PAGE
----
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Publication numberUS4372653 A
Publication typeGrant
Application numberUS 05/968,875
Publication dateFeb 8, 1983
Filing dateDec 12, 1978
Priority dateDec 12, 1978
Publication number05968875, 968875, US 4372653 A, US 4372653A, US-A-4372653, US4372653 A, US4372653A
InventorsJohn C. Wert, III
Original AssigneeWert Iii John C
Export CitationBiBTeX, EndNote, RefMan
External Links: USPTO, USPTO Assignment, Espacenet
Polarizing beam splitting phase transition optical modulator
US 4372653 A
A polarizing modulator of luminous energy which relies upon the rapid phase transition characteristics of compounds from the group consisting of VO, VO2, V2 O3, V3 O5, V4 O7, V5 O9, V6 O11, V7 O13, V8 O15, Ti2 O3, Ti4 O7, NbO2, FeSi2, VO2 NbO2, V1--x Mox O2, VO2 -TiO2, V2 O3 -Ti2 O3, V1-x Gex O2, V1-x Nbx O2, V1-x Crx O2, (Crx V1-x)2 O3 and V1-x Tix O2 to controllably vary the luminous energy output beam between unpolarized and polarized states. An unpolarized beam is projected onto a substantially flat surface of a crystal or layered thin film structure fabricated with a compound from the above-defined group. The angle of incidence is so oriented as to form Brewster's angle with respect to the beam. When the compound of transitional material is stimulated into its transmissive (non-metallic) state, the reflected portion of the incident luminous energy beam is polarized. In the alternate, when the transitional compound is stimulated into its reflective (metallic) state, all polarizations of the incident beam are reflected. Controlled modulation of the transition material state is effected by stimuli such as electric field, thermal energy or hydrostatic pressure.
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I claim:
1. A polarizing modulator for altering the polarization of the reflected portion of an unpolarized incident luminous energy beam striking said modulator, comprising:
an optical element having a substantially flat incident surface, and fabricated with a substrate which is substantially transparent at the wavelength of said luminous energy beam and has deposited thereupon a thin film of transition material from the group consisting of VO, VO2, VO2 O3, V3 O5, V4 O7, V5 O9, V6 O11, V7 O13, V8 O15, Ti2 O3, Ti4 O7, NbO2, FeSi2, VO2 NbO2, V1-x Mox O2, VO2 -TiO2, V2 O3 -Ti2 O3, V1-x Gex O2, V1-x Nbx O2, V1-x Crx O2, (Crx V1-x)2 O3 and V1-x Tix O2 ;
said flat surface of the optical element oriented at Brewster's angle with respect to said incident unpolarized luminous energy beam, where said Brewster's angle is a constant defined by the material forming the exterior of said flat surface; and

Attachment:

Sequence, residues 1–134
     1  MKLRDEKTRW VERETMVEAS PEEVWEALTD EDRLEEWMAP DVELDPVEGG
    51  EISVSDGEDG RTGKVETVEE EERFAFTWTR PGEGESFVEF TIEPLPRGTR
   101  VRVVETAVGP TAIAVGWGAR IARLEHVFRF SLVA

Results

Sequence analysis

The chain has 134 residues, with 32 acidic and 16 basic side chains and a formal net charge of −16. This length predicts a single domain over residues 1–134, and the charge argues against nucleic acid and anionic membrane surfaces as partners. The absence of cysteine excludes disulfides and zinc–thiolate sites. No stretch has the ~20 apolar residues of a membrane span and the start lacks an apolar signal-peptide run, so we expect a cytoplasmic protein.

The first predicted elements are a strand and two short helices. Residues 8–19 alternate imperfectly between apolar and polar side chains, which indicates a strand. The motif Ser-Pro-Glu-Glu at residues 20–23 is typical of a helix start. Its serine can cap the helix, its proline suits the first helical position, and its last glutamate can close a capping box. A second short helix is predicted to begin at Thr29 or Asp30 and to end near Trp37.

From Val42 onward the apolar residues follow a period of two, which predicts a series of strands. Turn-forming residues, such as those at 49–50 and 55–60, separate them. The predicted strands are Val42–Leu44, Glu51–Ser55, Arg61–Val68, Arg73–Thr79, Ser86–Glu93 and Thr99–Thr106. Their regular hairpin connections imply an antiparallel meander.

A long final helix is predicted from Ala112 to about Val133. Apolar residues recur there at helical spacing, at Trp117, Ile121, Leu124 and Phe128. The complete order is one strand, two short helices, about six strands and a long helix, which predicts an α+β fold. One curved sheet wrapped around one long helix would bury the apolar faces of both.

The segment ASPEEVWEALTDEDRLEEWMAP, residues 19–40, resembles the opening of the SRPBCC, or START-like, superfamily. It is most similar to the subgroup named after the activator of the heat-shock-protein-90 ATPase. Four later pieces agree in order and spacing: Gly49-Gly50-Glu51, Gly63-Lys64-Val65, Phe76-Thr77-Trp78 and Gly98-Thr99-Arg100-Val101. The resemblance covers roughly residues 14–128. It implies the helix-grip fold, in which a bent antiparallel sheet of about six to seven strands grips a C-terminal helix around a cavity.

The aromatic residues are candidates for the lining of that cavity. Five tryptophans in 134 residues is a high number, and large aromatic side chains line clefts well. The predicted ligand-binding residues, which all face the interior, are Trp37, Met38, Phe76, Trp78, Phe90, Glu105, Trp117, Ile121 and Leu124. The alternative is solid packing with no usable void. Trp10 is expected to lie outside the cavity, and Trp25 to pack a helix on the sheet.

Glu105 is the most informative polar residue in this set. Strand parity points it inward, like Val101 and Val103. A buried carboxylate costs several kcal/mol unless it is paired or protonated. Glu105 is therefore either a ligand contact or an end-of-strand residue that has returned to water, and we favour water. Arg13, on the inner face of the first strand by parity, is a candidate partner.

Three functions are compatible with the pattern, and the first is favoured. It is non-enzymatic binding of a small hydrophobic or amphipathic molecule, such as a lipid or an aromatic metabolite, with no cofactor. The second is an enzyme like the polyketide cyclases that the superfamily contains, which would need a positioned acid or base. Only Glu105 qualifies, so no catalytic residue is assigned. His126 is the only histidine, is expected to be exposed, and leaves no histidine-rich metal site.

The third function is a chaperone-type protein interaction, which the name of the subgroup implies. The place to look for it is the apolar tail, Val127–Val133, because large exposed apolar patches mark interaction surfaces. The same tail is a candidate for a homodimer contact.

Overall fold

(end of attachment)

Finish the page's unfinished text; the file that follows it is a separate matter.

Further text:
a means for stimulating said transitional material between reflective and transmissive states.
2. The modulator recited in claim 1, wherein said stimulating means impresses an electric field across said optical element transitional material, and comprises two sets of substantially transparent juxtaposed electrodes, deposited on or in close proximity to said material, so that said material is located therebetween, connected to a controllable voltage source.

The invention described herein may be manufactured and used by or for the Government of the United States for all governmental purposes without the payment of any royalty.


This invention relates to copending patent application Ser. No. 401,162 (filed July 23, 1982) to the above named inventor which is a continuation-in-part of Ser. No. 139,070 (filed Apr. 10, 1980), now abandoned, which is a continuation-in-part of Ser. No. 965,464 (filed Nov. 30, 1978), now abandoned.


The invention disclosed herein contemplates a modulator which takes an incident beam of unpolarized luminous energy and transforms it into a train of alternating polarized and unpolarized segments. The incoming beam of unpolarized luminous energy strikes the exterior surface of the modulating device so as to intersect the surface at Brewster's angle. Modulation occurs when the device transitions in phase between a state in which it is transmissive to the incident beam of luminous energy and a second state in which the device is essentially reflective. In either case, phase transition into either state is controlled directly by external stimuli.

The modulator device is fabricated with transitional materials, oxide compounds, from a group consisting of VO, VO2, V2 O3, V3 O5, V4 O7, V5 O9, V6 O11, V7 O13, V8 O15, Ti2 O3, Ti4 O7, NbO2, FeSi2, VO2 NbO2, V1-x Mox O2, VO2 -TiO2, V2 O3 -Ti2 O3, V1-x Gex O2, V1-x Nbx O2, V1-x Nbx O2, V1-x Crx O2, (Crx V1-x)2 O3 and V1-x Tix O2. The above defined oxide compounds are generally characterized by their narrow 3d bands and, typically, energy gaps within the range extending from 0.1 eV to 0.4 eV. A further common trait is their periodic table location, wherein the compounds tend to be oxides of elements in either Group VB or IVB.

Structurally, the transitional materials in the modulator device can be in the form of a thin film or single crystal. When a sandwiched thin film configuration is utilized, the non-transitional materials of the sandwich structure should be substantially transparent at the luminous energy wavelength and, preferably, have matching indices of refraction with the transitional material. The exterior of the surface illuminated by the incident beam should also be optically polished.